Product / Service Course of Action
Initial Access
The below courses of action mitigate the following techniques:
Spearphishing Attachment [T1566.001]
NGFW Set up File Blocking
Threat Prevention Ensure that antivirus profiles are set to block on all decoders except 'imap' and 'pop3'
Ensure a secure antivirus profile is applied to all relevant security policies
WildFire Ensure that WildFire file size upload limits are maximized
Ensure forwarding is enabled for all applications and file types in WildFire file blocking profiles
Ensure a WildFire Analysis profile is enabled for all security policies
Ensure forwarding of decrypted content to WildFire is enabled
Ensure all WildFire session information settings are enabled
Ensure alerts are enabled for malicious files detected by WildFire
Ensure 'WildFire Update Schedule' is set to download and install updates every minute
Cortex XDR Configure Malware Security Profile
Cortex XSOAR Deploy XSOAR Playbook - Phishing Investigation - Generic V2
Deploy XSOAR Playbook - Endpoint Malware Investigation
Initial Access, Lateral Movement
The below courses of action mitigate the following techniques:
Replication Through Removable Media [T1091]
Cortex XDR Enable Device Control
Privilege Escalation, Defense Evasion
The below courses of action mitigate the following techniques:
Process Injection [T1055]
Cortex XDR Enable Anti-Exploit Protection
Enable Anti-Malware Protection
Defense Evasion, Discovery
The below courses of action mitigate the following techniques:
Masquerade Task or Service [T1036.004], Process Discovery [T1057]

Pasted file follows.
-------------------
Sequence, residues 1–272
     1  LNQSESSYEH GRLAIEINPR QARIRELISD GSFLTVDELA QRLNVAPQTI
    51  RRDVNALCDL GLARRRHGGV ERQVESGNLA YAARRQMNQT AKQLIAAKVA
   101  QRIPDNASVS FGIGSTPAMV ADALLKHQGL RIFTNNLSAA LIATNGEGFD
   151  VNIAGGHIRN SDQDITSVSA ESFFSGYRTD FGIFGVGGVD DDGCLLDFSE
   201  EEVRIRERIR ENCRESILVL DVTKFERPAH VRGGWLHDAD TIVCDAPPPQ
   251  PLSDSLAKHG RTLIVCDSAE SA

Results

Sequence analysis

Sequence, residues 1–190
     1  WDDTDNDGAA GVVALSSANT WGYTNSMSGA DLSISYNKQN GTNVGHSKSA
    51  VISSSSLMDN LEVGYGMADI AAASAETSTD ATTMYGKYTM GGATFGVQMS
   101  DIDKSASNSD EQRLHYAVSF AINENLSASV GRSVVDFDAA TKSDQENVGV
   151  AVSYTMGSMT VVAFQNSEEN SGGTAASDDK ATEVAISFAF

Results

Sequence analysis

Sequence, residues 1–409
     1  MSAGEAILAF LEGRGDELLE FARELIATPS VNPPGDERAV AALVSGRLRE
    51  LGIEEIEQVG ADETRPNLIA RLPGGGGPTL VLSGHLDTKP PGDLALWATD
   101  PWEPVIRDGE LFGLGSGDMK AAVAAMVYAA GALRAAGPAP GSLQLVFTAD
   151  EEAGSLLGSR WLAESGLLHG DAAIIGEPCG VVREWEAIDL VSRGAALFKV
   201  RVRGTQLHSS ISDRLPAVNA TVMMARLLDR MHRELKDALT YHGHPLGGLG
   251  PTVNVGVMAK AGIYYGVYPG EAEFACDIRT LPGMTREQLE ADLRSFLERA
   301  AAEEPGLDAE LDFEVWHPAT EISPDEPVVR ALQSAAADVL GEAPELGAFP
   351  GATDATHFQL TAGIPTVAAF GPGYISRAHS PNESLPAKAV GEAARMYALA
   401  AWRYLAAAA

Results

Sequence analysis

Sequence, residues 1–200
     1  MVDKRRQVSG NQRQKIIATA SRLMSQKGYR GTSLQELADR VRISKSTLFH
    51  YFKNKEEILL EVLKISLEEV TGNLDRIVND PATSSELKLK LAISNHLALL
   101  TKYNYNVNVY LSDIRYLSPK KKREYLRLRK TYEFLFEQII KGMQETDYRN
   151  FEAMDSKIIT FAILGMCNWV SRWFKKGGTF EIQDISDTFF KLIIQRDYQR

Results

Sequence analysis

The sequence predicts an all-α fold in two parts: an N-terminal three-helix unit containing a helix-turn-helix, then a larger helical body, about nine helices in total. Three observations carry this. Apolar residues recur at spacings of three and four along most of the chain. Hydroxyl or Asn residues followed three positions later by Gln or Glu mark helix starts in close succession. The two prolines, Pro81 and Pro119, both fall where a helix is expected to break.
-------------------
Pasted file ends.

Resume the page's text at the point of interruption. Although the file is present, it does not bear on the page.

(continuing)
Cortex XDR Configure Behavioral Threat Protection under the Malware Security Profile
The below courses of action mitigate the following techniques:
Data Encrypted for Impact [T1486], Inhibit System Recovery [T1490]
Cortex XSOAR Deploy XSOAR Playbook - Ransomware Manual for incident response.
Deploy XSOAR Playbook - Palo Alto Networks Endpoint Malware Investigation

Table 1. Courses of Action for Defray777 ransomware.
†These capabilities are part of the NGFW security subscriptions service.


Defray777 is a perfect example of how a ransomware family can evolve over time to wreak havoc in entirely new ways. Furthermore, the inception of this newer variant emphasizes that threat actors can remain under the radar by leveraging unique tactics to evade modern methods of detection. The expansion of this ransomware family into affecting additional platforms, such as Linux, could possibly forecast its greater impact in the future.

Palo Alto Networks detects and prevents Defray777 in the following ways:

  • WildFire: All known samples are identified as malware.
  • Cortex XDR with:
    • Indicators for Defray777.
    • Anti-Ransomware Module to detect Defray777 encryption behaviors.
    • Local Analysis detection to detect Defray777 binaries.
  • Next-Generation Firewalls: DNS Signatures detect the known command and control (C2) domains, which are also categorized as malware in URL Filtering.
  • AutoFocus: Tracking related activity using the RansomX tag.

Additionally, Indicators of Compromise (IoCs) associated with Defray777 are available on GitHub, and have been published to the Unit 42 TAXII feed.

Additional Resources